Female Executives & Sexual Harassment

Women face considerable gender inequality in the workplace. This is particularly evident when looking at the adversity women face in attaining and succeeding in executive- and management-level positions. When women obtain professional success, they do not become immune to gender discrimination and sexual harassment. In fact, issues of discrimination and harassment may become more pronounced for women in executive positions.

Successful women are often apprehensive about reporting incidents of sexual harassment and discrimination for fear of being retaliated against, having their reputations damaged, and having the careers they worked so hard for to be damaged. However, the law provides considerable protections against discrimination and sexual harassment, and it is unlawful for employers to retaliate against individuals for complaining about these issues.

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Female managers and executives may be in the best position to change the status quo and alleviate discriminatory practices in their workplaces. Female executives should lead the way for other women who face adversity in the workforce by standing against discrimination and sexual harassment. They can do so by invoking their legal rights and taking legal action against unlawful employment practices. Until women start having the courage to come forward, male-dominated industries will continue to engage in tactics to deter woman from professional success and they will perpetuate work environments where sexual harassment is business as usual.

The Gender Gap

In nearly all levels of education, women earn the majority of degrees.[1] This includes graduate-level degrees.[2] However, women occupy only 3.6 percent of CEO positions in Fortune 500 companies.[3] More broadly, women occupy significantly fewer official and manager positions then men. For example, the U.S. Equal Employment Opportunity Commission reported that in 2002 only 36.4 percent of private sector officials and managers were females.[4] In comparison, 80.3 percent of clerical workers were women.[5] Notably, women made up 48 percent of the workforce surveyed.[6] Although the number of female officials and managers has increased over time, considerable disparity remains.

Women continue to experience significant wage discrepancies. In 2009, the median weekly earnings for women were 77 percent of the median weekly earnings of men.[7] This number does not include part-time and part-year employees, which would considerably reduce the median because women are more likely to work limited schedules in order to raise children and perform other caregiving work.[8] Furthermore, women are more concentrated in lower earning businesses and lower earning organizations then men.[9]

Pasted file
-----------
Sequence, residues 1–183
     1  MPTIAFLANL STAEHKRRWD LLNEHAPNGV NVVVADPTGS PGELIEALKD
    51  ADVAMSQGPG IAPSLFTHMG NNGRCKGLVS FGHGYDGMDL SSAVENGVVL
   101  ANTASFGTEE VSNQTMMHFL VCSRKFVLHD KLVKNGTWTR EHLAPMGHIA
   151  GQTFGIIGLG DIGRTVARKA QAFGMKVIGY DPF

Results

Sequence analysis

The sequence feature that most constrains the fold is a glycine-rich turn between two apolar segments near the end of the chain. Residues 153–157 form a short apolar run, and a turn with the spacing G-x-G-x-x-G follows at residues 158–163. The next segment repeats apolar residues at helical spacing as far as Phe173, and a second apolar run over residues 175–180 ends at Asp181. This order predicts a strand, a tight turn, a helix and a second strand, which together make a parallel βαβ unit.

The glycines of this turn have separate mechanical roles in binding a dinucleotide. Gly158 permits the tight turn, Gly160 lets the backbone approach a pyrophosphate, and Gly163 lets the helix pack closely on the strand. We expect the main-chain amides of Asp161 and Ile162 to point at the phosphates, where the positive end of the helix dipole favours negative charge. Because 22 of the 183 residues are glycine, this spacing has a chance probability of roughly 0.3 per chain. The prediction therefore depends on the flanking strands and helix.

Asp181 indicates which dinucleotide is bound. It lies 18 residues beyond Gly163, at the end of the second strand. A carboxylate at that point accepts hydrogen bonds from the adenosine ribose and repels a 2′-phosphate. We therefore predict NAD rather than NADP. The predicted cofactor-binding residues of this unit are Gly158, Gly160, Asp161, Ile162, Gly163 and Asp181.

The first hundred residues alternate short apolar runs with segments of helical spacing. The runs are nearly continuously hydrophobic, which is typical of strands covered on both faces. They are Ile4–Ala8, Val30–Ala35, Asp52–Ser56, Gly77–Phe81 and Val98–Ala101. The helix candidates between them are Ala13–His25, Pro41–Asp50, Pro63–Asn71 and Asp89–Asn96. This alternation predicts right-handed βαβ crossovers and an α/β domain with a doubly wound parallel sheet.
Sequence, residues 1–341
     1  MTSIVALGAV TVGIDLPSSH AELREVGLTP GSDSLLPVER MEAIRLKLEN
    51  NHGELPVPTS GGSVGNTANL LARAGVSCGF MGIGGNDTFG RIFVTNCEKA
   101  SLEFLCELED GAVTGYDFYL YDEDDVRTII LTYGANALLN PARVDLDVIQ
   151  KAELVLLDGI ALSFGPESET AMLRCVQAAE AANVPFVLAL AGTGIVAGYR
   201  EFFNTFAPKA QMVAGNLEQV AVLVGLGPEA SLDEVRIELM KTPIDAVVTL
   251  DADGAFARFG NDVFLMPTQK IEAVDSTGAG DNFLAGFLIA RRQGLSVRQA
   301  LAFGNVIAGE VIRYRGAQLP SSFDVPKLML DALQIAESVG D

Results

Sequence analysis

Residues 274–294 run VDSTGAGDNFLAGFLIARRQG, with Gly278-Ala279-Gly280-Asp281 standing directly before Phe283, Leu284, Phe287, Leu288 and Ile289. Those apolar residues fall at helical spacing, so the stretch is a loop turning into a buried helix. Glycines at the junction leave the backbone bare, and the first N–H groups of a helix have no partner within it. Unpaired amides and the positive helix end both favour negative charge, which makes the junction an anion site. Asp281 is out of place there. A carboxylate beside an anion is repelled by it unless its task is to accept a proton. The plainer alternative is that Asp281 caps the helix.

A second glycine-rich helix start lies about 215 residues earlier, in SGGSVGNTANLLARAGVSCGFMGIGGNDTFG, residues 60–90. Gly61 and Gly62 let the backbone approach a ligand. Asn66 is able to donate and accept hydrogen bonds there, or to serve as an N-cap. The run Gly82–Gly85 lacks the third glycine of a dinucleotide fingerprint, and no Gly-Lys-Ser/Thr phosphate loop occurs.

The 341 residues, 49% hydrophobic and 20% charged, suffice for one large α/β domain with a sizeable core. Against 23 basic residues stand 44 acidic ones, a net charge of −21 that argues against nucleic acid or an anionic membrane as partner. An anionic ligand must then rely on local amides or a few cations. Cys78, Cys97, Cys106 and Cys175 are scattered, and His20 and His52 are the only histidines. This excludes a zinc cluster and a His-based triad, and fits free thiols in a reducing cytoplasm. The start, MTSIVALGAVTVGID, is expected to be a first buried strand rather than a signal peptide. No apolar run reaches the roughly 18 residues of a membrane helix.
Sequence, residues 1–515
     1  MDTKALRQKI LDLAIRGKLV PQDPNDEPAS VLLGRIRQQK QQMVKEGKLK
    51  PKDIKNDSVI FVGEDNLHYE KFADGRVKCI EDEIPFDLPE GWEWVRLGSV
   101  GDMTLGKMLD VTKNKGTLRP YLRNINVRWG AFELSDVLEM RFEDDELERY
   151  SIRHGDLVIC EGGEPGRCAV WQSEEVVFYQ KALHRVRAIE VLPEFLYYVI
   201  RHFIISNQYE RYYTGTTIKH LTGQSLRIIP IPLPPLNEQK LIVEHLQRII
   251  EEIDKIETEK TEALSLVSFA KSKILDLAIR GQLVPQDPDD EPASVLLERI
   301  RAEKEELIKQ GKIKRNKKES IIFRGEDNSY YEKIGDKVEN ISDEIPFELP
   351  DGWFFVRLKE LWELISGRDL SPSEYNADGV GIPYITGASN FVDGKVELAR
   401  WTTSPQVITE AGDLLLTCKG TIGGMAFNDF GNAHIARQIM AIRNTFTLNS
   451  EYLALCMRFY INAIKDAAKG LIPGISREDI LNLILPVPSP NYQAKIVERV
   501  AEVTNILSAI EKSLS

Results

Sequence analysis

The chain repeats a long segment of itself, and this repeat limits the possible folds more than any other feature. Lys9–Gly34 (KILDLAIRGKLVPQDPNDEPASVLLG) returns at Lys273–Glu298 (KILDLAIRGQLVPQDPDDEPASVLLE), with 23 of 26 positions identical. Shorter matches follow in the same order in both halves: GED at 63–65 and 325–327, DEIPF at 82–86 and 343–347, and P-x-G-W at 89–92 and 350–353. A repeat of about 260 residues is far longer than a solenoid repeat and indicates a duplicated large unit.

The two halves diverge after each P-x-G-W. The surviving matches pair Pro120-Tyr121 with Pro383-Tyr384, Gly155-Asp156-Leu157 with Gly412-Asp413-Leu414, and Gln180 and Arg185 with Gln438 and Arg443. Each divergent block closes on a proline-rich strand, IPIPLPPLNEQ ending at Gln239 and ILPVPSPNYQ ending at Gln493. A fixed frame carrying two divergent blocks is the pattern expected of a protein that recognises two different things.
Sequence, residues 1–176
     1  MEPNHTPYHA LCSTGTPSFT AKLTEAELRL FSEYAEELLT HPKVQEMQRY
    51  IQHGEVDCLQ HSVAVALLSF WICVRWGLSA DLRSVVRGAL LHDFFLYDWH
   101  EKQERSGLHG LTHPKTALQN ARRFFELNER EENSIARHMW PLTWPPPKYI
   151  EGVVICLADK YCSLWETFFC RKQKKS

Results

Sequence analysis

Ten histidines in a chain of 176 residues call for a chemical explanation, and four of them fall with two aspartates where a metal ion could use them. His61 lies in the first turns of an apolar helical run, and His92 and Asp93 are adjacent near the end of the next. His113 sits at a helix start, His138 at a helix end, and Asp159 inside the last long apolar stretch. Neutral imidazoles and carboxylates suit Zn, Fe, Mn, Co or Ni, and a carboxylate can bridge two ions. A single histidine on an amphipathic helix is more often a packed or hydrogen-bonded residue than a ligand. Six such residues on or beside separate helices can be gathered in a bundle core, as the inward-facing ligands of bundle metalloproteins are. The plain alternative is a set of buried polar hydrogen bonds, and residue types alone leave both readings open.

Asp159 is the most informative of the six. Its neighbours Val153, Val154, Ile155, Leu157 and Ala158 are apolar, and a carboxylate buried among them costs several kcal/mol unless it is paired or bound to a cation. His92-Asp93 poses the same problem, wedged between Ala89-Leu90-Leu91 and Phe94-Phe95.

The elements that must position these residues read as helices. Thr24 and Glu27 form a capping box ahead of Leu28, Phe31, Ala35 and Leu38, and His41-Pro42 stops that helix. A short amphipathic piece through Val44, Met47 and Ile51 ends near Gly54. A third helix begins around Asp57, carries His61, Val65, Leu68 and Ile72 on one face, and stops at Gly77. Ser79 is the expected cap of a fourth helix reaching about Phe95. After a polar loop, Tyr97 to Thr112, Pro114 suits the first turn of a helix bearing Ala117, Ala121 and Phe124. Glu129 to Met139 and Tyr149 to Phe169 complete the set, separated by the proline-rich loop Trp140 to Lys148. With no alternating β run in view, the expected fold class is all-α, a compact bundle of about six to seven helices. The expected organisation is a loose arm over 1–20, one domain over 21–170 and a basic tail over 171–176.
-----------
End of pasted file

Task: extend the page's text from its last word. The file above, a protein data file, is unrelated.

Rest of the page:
Gender inequality plays a significant role in issues of sexual harassment in the workplace because many of the factors that inhibit women from occupying executive and managerial roles also foster the environments where sexual harassment occurs.[10] Additionally, significantly more women than men are at risk of sexual harassment. By one estimate, at least half of all U.S. women will be harassed during some point in their careers.[11] In comparison, 15 percent of men will be harassed during some point in their careers.[12]

It Is Important That Female Executives Take Action

Although female executives have achieved success in their careers, they are not out of harm's way. In fact, quite the opposite is true: Executive women have been reported as having been harassed at a higher rate than non-executive women.[13] This could be a result of working in male-dominated companies, the efforts of male co-workers to deter professional advancement, being harassed by jealous lower-level employees, or other.[14] Regardless, sexual harassment and gender discrimination is inappropriate, and it is unlawful.

Female executives who have been harassed or discriminated against may have legal recourse, and they should seek redress for their physical, financial, and emotional wrongs done against them. Additionally, female executives should take action because they are uniquely positioned to stand out against sexual harassment and discrimination. Because of their positions of power, they can have a considerable impact both in terms of changing internal policies and by bringing awareness about gender discrimination and sexual harassment to the public at large.

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[1] Fast Facts, NATIONAL CENTER FOR EDUCATION STATISTICS, http://nces.ed.gov/fastfacts/display.asp?id=72 (last visited Aug. 16, 2012) (citing to statistics for degrees earned in 2008-09)

[2] Id.

[3] John Bussy, How Women Can Get Ahead: Advice From Female CEO's, WALL ST. J., May 18, 2012, http://online.wsj.com/article/SB10001424052702303879604577410520511235252.html

[4] EEOC, GLASS CEILINGS: THE STATUS OF WOMEN AS OFFICIALS AND MANAGERS IN THE PRIVATE SECTOR 5 (2004)

[5] Id. at 6

[6] Id. at 5

[7] INSTITUE FOR WOMEN'S POLICY RESEARCH, THE GENDER WAGE GAP: 2009 (updated Sept, 2010), available at http://www.iwpr.org/publications/pubs/the-gender-wage-gap-2009

[8] Id.

[9] Myrtle P. Bell Et Al., Discrimination Harassment, and the Glass ceiling: Women Executives as Change Agents, 37 J. OF BUS. ETHICS 65, 65 (2002)

[10] Id. at 66

[11] Id. at 67

[12] Id.

[13] Id. at 70

[14] See id.